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Because everyone has a story

Interesting People: Sonsie Guy

I wrote this piece in August for a Photojournalism class I was taking. From here on out, I’ll be working on more stories like this one. I hope to bring a certain level of awareness to the readers. I want to know YOUR stories, after all everyone has one, right?


Realization: You can walk down a street a hundred times and see the same person over and over again and not think very much of them. After a while, that person becomes part of the scenery. You may think to yourself, “I wonder what that person is doing” but you never take the time to find out.

Then one day everything changes. You stop and look. No, you really look. You’re by Sonsie, a popular restaurant on Newbury Street. You wander just past the open windows of the eatery and there he is, Eric Kluin, a local artist, optimist, pessimist, walking contradiction, better known as “Sonsie Guy”.

When I first arrived in Boston two years ago, I remember walking down Newbury street, looking around bright-eyed, stumbling upon Kluin and wondering “who is that guy over there? What’s he painting? And where the heck is his shirt?” However, I never thought to ask him any of these questions. I simply walked away.  A day in early August would change this.

Walking up to Eric Kluin was intimidating. “I want to write a story on you,” I said. He seemed to look right through me. “It’s just, well it seems like you’re such a big part of the community. You bring a sense of culture to Newbury Street, I see you working on your art here all the time.” “Ah,” he said “flattery will get you everywhere.” I took out my pen and paper his story unfolded.

Inspired by the artwork in comic books, Kluin, 48, knew he wanted to be an artist from a young age. He was never interested in academia and played the part of the rebel through his high-school years.
Though Kluin did not do particularly well in school, he went to and graduated from the University of Michigan with a degree in art. After college, Kluin remained in Michigan and spent most of his time working on his art and drinking, heavily.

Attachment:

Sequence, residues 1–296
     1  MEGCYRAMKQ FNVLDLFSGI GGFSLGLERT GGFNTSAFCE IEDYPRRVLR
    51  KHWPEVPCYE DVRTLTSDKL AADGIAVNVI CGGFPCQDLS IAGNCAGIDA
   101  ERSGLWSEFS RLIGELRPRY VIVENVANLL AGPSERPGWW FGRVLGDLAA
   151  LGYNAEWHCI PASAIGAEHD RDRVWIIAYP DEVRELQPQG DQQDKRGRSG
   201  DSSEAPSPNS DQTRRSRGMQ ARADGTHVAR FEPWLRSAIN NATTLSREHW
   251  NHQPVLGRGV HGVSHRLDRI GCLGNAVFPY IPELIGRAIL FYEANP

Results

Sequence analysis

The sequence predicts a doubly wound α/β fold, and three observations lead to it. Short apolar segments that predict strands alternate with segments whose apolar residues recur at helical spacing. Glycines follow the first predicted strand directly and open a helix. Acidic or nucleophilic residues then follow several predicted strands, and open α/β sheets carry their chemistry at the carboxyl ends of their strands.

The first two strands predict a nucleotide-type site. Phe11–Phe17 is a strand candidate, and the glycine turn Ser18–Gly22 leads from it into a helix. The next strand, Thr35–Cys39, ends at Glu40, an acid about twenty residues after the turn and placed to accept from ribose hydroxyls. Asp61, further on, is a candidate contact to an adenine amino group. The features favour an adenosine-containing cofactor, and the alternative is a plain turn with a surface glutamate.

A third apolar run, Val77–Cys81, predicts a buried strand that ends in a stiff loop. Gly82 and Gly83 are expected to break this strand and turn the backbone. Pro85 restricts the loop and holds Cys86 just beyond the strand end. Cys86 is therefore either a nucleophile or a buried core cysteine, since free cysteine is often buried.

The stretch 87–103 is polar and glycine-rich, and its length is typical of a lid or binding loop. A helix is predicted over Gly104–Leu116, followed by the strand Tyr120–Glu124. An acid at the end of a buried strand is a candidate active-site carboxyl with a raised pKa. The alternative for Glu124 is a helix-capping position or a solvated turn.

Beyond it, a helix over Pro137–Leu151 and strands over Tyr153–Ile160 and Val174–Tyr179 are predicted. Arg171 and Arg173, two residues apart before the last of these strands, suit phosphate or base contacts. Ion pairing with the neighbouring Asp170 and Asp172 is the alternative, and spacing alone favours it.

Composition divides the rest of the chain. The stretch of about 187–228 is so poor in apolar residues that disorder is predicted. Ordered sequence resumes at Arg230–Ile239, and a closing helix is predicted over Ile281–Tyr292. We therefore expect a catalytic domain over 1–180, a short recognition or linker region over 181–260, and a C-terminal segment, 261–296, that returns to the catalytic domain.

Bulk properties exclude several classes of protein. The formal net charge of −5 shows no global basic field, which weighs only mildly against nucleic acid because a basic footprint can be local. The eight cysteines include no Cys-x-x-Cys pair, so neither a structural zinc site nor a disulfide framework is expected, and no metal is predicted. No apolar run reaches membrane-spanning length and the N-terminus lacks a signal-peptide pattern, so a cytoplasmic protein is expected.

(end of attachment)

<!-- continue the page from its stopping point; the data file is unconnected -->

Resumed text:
In 1988 Kluin moved to Brookline, MA. and began selling his art to local galleries on Newbury Street. This is also where he began to spend his days and five years later Kluin would realize his dependency on alcohol.

“It’s funny,” Kluin said “once I sobered up I realized I am kind of weird. I mean, here I am standing in the same place I was 21 years ago, (only) completely sober, drawing, drinking coffee, and smoking cigarettes. It’s enough to make you crazy.”

Walking by Kluin for so many years, I have seen him drawing many different things; flowers, naked women, city scenes, and today a bone winged angel.  With such a wide spectrum of ideas flowing through his hand, I wonder what inspires him.

“I draw inspiration from literature, people, situations” said Kluin “but most importantly experience. I’ve done more ‘revenge on ex-girlfriend’ pieces than I can tell you.”

Talking to Kluin was a whirlwind. He was much smarter than he thought he was, more talented then he knew, but my god did this mans mind know how to wander. With so many ideas how can someone stick to one idea and create such interesting and relevant artwork?

“My thoughts are like spiders running around my mind, they crawl out of my head so quickly,” said Kluin “But once in a while, I catch one.”

After years spent on Newbury Street, Kluin has run into much adoration and criticism from people walking by. He realizes that not everyone understands him or cares for his work and that every lifestyle comes with certain restrictions.

“Me? I have all the freedom in the world except for economic freedom. There are tradeoffs to every lifestyle.” Said Kluin, “But the happiest people are the ones who manage to balance it all. It’s my ultimate goal to reach that comfort level.”

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